Daisy lived at home with her mother, who was a stewardess and was never home. I spent a lot of time at Daisy's house, which I liked for a number of reasons including the fact that I could take a hot shower. I'd come over and the limo would wait while we got dressed to go out, Daisy always wearing her mirrored sunglasses that I kidded her by calling her serial killers. Eventually I just moved all my stuff into Daisy's bedroom.

We liked to dress outlandish like rock stars, which is what we wanted to be. We wanted to be a real band, for sure, but we weren't really
, that was the problem. That was the problem from the beginning, when it was the three of us. Me and Daisy and Stella wanted to be just like our favorite band—probably the best band in the entire world, Bananarama. See it was perfect. Me and Daisy are sort of opposites like how Sara Dallin was the blonde one and Keren Woodward the one with the dark hair and exotic features. And Stella looked just like Siobhan Fahey (it's spooky how much she resembled Siobhan: she had the same small mouth and wide eyes, except her eyes were blue. That's what guys liked most about Stella, her eyes. Guys said she looked like a doll, and Stella liked that). Most people don't know Bananarama's real names, but there you are. So our idea was to start an all-girl band in America (little-known fact: Bananarama is in the
Guinness Book of World Records
as Britain's most successful all-girl group) and become famous, maybe do a tour with them. We wished we were aware of Bananarama when they were in their heyday, but me and Daisy were just born when their first album,
Deep Sea Skiving
, came out in 1983. We're pretty sure that like everything else from the '80s, Bananarama will have a renaissance. It just feels like the right time. Everyone is sick of today's hyper-ironic music. People crave fun, we think. And the music of the '80s
fun: ‘The Perfect Way' by Scritti Politti was a song you could dance your ass off to, and ‘Safety Dance' by Men Without Hats was another one. Me and Daisy do like some '90s stuff, but most of it isn't fun. And the Spice Girls are shite. (We don't acknowledge the Spice Girls, who are basically ruining the advancements Bananarama made for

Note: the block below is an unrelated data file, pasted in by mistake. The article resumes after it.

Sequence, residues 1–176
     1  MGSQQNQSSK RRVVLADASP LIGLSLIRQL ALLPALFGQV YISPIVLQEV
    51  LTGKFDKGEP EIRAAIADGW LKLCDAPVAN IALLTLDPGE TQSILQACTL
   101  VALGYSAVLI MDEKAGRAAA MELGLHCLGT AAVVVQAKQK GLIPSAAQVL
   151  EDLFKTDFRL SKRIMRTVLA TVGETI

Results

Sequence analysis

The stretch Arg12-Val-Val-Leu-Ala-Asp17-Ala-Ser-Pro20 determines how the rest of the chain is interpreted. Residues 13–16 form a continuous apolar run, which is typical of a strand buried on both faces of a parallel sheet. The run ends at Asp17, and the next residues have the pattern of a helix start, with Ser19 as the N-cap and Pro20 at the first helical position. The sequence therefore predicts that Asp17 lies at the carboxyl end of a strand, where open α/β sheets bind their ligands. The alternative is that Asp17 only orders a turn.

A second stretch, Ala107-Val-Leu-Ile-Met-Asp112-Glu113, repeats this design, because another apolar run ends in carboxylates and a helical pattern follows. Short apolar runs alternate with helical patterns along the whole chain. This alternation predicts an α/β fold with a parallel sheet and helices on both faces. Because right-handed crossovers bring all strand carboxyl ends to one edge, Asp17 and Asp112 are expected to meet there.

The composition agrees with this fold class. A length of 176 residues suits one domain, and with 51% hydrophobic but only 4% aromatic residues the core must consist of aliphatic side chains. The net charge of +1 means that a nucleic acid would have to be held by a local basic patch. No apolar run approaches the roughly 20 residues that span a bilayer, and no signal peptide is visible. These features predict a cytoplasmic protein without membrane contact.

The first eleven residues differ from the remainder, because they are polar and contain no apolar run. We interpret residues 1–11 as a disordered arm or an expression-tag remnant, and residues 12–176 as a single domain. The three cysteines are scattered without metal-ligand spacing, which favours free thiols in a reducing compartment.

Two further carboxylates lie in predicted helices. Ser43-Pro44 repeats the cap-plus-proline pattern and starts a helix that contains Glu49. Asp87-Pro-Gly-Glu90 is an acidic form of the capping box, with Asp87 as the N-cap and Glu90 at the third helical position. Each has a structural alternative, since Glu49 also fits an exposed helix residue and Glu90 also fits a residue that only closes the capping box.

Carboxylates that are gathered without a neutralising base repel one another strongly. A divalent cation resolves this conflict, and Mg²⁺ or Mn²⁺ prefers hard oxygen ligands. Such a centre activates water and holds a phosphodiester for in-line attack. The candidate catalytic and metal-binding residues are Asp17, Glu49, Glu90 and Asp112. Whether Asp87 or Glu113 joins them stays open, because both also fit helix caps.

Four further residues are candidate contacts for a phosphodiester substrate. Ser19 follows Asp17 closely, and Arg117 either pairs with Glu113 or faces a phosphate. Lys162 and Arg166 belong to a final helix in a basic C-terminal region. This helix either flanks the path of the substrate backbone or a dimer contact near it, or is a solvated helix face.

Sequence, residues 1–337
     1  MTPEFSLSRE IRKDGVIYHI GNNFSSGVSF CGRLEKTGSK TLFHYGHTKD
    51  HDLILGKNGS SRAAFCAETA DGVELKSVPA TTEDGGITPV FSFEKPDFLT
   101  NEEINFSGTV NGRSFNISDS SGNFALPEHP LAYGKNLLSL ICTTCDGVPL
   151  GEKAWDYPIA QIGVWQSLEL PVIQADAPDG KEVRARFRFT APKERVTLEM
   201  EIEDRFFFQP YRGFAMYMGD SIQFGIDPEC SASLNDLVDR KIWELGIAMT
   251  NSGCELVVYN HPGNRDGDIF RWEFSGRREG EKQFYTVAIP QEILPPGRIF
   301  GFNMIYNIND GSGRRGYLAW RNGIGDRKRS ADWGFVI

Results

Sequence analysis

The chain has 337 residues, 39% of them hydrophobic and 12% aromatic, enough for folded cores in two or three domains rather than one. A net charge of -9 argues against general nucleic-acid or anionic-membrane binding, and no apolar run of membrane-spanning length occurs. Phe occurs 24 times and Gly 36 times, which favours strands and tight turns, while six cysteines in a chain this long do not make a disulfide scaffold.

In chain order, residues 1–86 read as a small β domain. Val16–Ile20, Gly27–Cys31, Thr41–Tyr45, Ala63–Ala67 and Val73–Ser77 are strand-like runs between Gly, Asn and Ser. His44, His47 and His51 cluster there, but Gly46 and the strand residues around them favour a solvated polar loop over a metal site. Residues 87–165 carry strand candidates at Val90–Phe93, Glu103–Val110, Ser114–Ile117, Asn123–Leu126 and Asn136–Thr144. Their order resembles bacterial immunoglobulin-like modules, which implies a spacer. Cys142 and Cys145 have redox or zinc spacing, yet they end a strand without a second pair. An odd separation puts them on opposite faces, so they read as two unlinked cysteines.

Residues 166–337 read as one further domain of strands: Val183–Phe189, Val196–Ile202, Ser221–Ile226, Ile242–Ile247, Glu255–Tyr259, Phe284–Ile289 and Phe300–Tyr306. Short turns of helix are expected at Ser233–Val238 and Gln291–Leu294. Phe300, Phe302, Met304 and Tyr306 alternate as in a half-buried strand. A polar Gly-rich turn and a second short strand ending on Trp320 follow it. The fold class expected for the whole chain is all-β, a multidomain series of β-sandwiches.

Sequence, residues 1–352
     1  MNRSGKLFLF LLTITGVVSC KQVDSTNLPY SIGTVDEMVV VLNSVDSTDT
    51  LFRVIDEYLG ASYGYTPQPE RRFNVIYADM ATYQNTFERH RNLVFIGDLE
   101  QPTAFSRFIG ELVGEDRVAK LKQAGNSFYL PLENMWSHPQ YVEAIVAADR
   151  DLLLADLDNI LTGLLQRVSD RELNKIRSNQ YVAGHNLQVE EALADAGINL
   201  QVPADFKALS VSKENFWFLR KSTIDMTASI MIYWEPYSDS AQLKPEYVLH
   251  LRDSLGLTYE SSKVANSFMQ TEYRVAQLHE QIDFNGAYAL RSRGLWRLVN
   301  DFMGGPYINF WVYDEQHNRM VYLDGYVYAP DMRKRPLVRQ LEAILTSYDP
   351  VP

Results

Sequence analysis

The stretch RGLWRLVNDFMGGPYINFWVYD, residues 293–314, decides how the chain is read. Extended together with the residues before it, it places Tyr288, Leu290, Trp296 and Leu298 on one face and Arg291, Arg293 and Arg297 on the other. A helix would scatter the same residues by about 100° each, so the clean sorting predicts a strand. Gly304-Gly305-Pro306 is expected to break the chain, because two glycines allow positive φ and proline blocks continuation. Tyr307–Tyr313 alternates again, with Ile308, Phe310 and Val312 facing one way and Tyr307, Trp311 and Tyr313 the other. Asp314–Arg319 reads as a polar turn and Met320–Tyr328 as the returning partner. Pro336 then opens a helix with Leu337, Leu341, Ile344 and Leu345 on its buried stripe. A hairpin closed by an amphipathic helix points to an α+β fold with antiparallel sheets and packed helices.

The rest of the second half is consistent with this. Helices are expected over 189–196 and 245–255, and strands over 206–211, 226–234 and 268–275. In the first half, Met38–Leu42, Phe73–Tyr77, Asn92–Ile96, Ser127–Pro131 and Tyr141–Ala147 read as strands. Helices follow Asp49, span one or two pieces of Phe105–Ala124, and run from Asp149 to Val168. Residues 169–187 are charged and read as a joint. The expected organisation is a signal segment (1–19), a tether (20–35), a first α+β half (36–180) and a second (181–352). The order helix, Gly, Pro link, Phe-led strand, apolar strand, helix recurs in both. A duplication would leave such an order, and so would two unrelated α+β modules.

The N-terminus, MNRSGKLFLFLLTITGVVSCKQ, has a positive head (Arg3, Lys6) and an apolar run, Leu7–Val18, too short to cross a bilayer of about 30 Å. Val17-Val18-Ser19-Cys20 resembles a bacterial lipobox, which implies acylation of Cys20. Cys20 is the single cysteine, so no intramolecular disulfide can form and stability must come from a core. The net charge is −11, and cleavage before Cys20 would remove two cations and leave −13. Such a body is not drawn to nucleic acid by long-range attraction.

all-female groups.) Putting the fun back into music is the answer. Fun: ‘Love Shack' by the B-52's. Not fun: anything by Metallica. Fun: ‘I Want Candy' by Bow Wow Wow. Not fun: Smashing Pumpkins. The all-time most fun song ever: ‘Come On Eileen' by Dexy's Midnight Runners. Whenever me and Daisy hear that song we dance our asses off. If the music makes you want to jump out of your skin and dance (for instance, anything by Madonna from the '80s and early '90s), then it's good. ‘Too Shy' by Kajagoogoo comes to mind, too. That's my and Daisy's opinion.

A little known fact about Masterful Johnson is that we made a single when it was the three of us, long before
We're Masterful Johnson
. Stella's father loaned us the money to do it and we spent months on the lyrics. I can take credit for the first line, ‘You are my end,' which wound up being our title for the song, but we were stuck after that and Daisy and Stella helped out by looking up some poetry. We studied Yeats and Keats and Wordsworth; those guys knew how to melt hearts. I don't know how much it helped us in the end, though. We paid some studio guys to come up with the song, which was called ‘What the—, Who the—, Hey!' I think between me, Daisy, Stella and Stella's father we still have the 500 copies we paid for. But we weren't down about our singing career. It doesn't happen overnight.

In the meantime Daisy got the idea that we should become models and found a modeling agency to represent us: StarryEyed Productions. Brad Johnson, who looked like the stereo salesman from
Fast Times at Ridgemont High
, told us he thought we could be supermodels. We were pretty excited about that. The wood-paneled walls of StarryEyed